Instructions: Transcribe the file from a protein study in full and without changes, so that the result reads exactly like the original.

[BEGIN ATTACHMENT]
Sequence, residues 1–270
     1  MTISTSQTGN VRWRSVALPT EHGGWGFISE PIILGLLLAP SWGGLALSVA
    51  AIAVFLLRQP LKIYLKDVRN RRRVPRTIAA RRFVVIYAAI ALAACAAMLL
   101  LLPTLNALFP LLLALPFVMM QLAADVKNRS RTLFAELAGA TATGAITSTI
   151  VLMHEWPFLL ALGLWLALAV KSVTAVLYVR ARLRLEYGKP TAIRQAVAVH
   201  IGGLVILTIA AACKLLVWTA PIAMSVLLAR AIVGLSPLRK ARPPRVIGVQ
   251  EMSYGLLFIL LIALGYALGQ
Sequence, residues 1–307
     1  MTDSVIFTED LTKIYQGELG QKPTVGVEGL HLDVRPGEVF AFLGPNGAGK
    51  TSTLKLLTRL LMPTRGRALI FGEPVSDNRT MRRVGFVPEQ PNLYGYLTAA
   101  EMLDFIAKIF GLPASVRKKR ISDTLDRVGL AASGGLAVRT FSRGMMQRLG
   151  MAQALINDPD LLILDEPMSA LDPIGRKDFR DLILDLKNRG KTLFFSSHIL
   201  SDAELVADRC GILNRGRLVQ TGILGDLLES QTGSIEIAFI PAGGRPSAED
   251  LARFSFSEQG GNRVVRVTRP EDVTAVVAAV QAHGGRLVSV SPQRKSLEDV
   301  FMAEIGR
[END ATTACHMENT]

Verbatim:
Sequence, residues 1–270
     1  MTISTSQTGN VRWRSVALPT EHGGWGFISE PIILGLLLAP SWGGLALSVA
    51  AIAVFLLRQP LKIYLKDVRN RRRVPRTIAA RRFVVIYAAI ALAACAAMLL
   101  LLPTLNALFP LLLALPFVMM QLAADVKNRS RTLFAELAGA TATGAITSTI
   151  VLMHEWPFLL ALGLWLALAV KSVTAVLYVR ARLRLEYGKP TAIRQAVAVH
   201  IGGLVILTIA AACKLLVWTA PIAMSVLLAR AIVGLSPLRK ARPPRVIGVQ
   251  EMSYGLLFIL LIALGYALGQ
Sequence, residues 1–307
     1  MTDSVIFTED LTKIYQGELG QKPTVGVEGL HLDVRPGEVF AFLGPNGAGK
    51  TSTLKLLTRL LMPTRGRALI FGEPVSDNRT MRRVGFVPEQ PNLYGYLTAA
   101  EMLDFIAKIF GLPASVRKKR ISDTLDRVGL AASGGLAVRT FSRGMMQRLG
   151  MAQALINDPD LLILDEPMSA LDPIGRKDFR DLILDLKNRG KTLFFSSHIL
   201  SDAELVADRC GILNRGRLVQ TGILGDLLES QTGSIEIAFI PAGGRPSAED
   251  LARFSFSEQG GNRVVRVTRP EDVTAVVAAV QAHGGRLVSV SPQRKSLEDV
   301  FMAEIGR